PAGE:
Cone Tornado Forms - Southbound CR149 - 6:22pm MDT

Firmly on Ground west of CR149 - 6:23pm MDT


Large Dust Whirl - 6:23pm MDT


Getting Closer - 6:23pm MDT

Zoom In - 6:23pm MDT




I then continued south on CR149 and took the next series of images by pointing the camera somewhat rearward through the passenger side window.  At this point the tornado was a little to my northwest and was continuing to kick up a huge amount of red dust which at times was beginning to wrap up and around the white condensation funnel. The tornado was continue to move to the SSE and at this point I am now about 2.75 miles south of the CR149 & CR50 intersection.

See the Satellite map below for the photo location of these next four images.



Continuing Southbound CR149 - 6:24pm MDT


Southbound CR149 "see map below" - 6:24:37pm MDT


Southbound CR149 - 6:24pm MDT



Wrapping Red Dust Tube - 6:25pm MDT






Photo Sequence # 4:  CR149 & CR34 Looking North - Tornado Count:  -0-  Same Tornado as shown in the above Sequence

As I was nearing the intersection of CR149 & CR34 the wrapping red dust tube had completed its encirclement of the condensation funnel as shown in the first image below.  Shortly after taking that image I pulled west on CR34 to have a better look at the tornado which was now less than a mile directly to my north.  There was still strong inflow streaming in from the southeast as can be seen in the center image below, but the tornado was beginning to weaken some.  I took one more image as the inflow dust subsided and then decided to gain some distance to the south.



Full Red Dust Tube - 6:25pm MDT


Inflow Dust & Dissipating Tornado - 6:26pm MDT

Supercell Base & Dissipating Tornado - 6:26pm MDT




Photo Sequence # 5:  CR149 3.5 miles south of CR34 Looking North - Tornado Count:  3 - 4

My next goal was to drop south a few miles and find a high spot where I could look back at the approaching supercell.  I wanted the big picture of how this storm was evolving with the hope of seeing more tornadoes as the storm moved in my direction.  I found a great hilltop view looking back to my north from where CR149 deviates from straight south, or about 3.5 miles south of CR34.  Amazingly there were no other chasers nearby and I once again had a fantastic view of the supercell structure filling the sky to my north.  It wasn't long before I spotted the first tornado form to my distant north in the storm's rear flank base structure.  This was at 6:31pm MDT and the tornado was rather brief.  It is possible that the tornado formed out of an anti-cyclonic mesocyclone, but the distance was too great to determine the direction of rotation.  Three minutes later at 6:34pm MDT a second tornado formed from the storm's forward flank storm base beneath a shallow wall cloud.  This one lasted a minute or so before completely lifting.  Two minutes later a third tornado formed in basically the same area and quickly touched down at 6:37pm MDT.  This one had a long slender cone, similar to the earlier needle tornado, and like that one had a large bowl shape upper-funnel where it was attached to the cloud base.  This third tornado lasted about 2 or 3 minutes until it became completely wrapped in rain, as shown on the last image below.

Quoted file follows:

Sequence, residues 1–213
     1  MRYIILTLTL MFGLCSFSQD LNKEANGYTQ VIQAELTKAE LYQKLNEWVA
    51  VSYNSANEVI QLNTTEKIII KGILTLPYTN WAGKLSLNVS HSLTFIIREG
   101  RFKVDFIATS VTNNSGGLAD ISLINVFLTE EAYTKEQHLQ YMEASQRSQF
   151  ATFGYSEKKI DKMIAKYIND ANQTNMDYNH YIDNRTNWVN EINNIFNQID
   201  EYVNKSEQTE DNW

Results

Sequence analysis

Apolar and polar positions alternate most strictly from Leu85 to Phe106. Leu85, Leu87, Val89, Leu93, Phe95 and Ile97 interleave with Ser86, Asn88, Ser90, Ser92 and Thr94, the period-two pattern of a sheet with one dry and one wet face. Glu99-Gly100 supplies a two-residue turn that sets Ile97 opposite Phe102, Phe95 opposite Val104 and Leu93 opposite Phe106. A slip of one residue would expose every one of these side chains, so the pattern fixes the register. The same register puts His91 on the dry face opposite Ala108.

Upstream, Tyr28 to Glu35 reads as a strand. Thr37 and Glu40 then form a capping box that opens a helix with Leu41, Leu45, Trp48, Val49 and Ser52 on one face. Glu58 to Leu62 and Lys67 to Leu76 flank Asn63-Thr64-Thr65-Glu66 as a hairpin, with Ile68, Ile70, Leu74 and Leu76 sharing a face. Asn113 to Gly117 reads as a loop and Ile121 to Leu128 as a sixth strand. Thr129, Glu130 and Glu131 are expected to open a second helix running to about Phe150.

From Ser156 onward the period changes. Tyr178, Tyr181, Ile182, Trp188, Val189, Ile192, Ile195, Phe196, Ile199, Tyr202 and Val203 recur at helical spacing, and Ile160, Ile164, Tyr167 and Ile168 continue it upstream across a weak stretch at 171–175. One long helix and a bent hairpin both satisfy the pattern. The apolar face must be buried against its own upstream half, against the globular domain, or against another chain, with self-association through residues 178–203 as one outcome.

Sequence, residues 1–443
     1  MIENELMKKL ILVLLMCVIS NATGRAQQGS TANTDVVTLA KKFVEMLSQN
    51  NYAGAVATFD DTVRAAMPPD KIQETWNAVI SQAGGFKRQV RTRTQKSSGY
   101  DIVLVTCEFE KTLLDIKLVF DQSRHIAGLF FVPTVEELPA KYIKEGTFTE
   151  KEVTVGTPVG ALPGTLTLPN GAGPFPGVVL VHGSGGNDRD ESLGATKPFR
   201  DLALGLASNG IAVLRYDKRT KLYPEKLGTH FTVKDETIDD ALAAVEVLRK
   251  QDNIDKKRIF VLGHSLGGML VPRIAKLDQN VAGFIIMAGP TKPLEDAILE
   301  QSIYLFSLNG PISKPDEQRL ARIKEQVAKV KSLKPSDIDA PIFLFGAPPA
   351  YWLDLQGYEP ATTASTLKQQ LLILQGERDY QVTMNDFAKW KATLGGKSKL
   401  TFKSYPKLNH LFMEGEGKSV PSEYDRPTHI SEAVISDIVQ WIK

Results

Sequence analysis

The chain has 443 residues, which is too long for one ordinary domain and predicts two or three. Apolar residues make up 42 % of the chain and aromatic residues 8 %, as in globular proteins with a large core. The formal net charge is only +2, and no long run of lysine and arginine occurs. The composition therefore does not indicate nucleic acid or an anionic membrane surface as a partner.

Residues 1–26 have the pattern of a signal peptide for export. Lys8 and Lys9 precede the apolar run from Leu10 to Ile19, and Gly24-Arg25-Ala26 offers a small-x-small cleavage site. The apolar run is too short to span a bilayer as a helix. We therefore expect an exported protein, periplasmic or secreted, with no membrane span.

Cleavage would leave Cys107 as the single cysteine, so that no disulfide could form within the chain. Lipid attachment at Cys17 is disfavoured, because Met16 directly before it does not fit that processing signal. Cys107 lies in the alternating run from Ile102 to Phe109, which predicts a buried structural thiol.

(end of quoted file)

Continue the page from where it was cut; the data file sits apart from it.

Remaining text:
Could there have been more than these 3 tornadoes?  Possibly, as the storm was to my back in the six minutes it took me to get from CR34 to the highpoint view along CR149.  These would be the last tornadoes I would see from this amazing supercell.  Thus, I can reasonably confirm 10 different tornadoes with this storm  and possibly as many as 12.  This is not counting ones that may have briefly lifted and then touched back down again.



Supercell Structure - Brief Tornado - 6:31pm MDT


Second Tornado Forms - 6:34pm MDT

Third Tornado Forms - 6:37pm MDT


Closer View - 6:37pm MDT


Wider View - 6:38pm MDT

Wide Angle View - 6:38pm MDT